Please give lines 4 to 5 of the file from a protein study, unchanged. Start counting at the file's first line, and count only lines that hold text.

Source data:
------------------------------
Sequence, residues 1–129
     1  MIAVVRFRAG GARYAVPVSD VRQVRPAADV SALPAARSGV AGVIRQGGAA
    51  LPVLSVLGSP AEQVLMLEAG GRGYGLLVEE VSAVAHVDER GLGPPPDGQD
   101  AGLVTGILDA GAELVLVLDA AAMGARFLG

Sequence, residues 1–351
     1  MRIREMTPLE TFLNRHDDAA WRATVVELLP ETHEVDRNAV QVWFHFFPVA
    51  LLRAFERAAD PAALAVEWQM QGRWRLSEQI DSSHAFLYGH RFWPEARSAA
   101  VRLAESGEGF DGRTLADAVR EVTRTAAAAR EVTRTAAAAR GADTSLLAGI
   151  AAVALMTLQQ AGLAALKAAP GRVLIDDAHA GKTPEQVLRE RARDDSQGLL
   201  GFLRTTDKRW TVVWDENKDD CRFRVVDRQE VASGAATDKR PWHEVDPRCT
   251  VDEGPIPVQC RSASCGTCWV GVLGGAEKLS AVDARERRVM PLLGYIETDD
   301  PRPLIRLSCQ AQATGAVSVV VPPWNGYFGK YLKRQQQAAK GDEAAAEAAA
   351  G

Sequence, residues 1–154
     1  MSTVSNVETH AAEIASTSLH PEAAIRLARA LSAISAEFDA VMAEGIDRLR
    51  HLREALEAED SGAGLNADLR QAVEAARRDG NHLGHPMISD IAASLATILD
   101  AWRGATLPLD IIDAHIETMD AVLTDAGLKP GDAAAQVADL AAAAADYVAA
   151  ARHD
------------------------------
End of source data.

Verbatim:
   101  AGLVTGILDA GAELVLVLDA AAMGARFLG

Sequence, residues 1–351